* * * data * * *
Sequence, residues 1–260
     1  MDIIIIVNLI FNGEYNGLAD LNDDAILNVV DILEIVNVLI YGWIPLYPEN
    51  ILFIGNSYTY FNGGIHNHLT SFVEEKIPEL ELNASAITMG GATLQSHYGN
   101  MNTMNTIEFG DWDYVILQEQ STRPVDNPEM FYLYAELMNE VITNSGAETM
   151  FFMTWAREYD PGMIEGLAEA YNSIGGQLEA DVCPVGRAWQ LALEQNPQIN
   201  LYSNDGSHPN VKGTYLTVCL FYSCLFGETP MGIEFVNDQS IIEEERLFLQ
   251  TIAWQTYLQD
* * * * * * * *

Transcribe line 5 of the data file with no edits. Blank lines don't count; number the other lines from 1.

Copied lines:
   151  FFMTWAREYD PGMIEGLAEA YNSIGGQLEA DVCPVGRAWQ LALEQNPQIN